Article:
As our businesses grow we add more capability, structure, or policy. Unfortunately, with all of that added structure and capability comes complexity, confusion, and time and energy wasted trying to sort out how to navigate it. Take time, periodically, to identify those elements of your business and systems that are complex and difficult and invest in efforts to simplify.
The Rest of the Story:
Complexity sneaks up on us. We add new software systems to give us greater capability, we expand our business and add more structure, we diversify our offerings, we merge businesses, or we just create new rules or policies. Eventually, we realize that our business systems have become disruptively complex.
With complexity comes extra effort and time spent trying to figure out how to put all of the right pieces in the right place. This extra effort is waste.
Recent personal experiences with the medical and medical insurance industry provide me with both the inspiration for this post, as well as a stunning example. As an individual experienced in business and process improvement, I can’t help but cringe and squirm when I see the obvious waste in the U.S. health care sector.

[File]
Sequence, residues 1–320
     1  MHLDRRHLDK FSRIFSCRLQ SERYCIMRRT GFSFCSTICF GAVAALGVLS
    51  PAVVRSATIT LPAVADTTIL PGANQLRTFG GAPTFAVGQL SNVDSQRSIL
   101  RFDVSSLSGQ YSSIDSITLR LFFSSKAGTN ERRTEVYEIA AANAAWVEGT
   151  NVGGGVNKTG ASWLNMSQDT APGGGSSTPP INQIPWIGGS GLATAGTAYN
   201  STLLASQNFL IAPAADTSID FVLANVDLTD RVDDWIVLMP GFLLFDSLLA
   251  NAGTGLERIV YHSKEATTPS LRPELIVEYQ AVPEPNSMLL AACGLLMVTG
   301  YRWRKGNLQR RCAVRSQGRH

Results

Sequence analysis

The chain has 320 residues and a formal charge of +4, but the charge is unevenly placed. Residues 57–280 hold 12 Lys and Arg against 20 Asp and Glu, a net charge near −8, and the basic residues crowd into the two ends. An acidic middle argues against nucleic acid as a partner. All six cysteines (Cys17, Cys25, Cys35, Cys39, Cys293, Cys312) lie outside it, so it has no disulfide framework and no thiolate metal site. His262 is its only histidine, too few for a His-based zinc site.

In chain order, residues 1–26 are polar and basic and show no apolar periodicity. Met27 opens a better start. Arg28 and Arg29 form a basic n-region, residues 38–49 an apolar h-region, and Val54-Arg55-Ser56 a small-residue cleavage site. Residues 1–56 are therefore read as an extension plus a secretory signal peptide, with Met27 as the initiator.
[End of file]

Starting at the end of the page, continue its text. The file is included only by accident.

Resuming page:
By way of my own experience and example, I recently received a check from one party involved in my heath care activities, which I must subsequently endorse and turn over to another party because one is not allowed to transact financially with the other. All of this creates unnecessary activity on the part of every party involved and added opportunities for defects.
In order to ensure that all of this is completed correctly, the party providing the check made extra communications with me to give me advance warning and to explain. I made additional communications to ensure that everything was legitimate and that the receiving party would accept the transaction. That means that at least three of us have spent several man-hours each sorting out the transaction, and I don’t even know yet if there will be repercussions with my medical insurance company who is also trying to ensure that everything is paid and properly accounted. I’m dreading an imminent misunderstanding or defect in the billing/payment for the total expenses.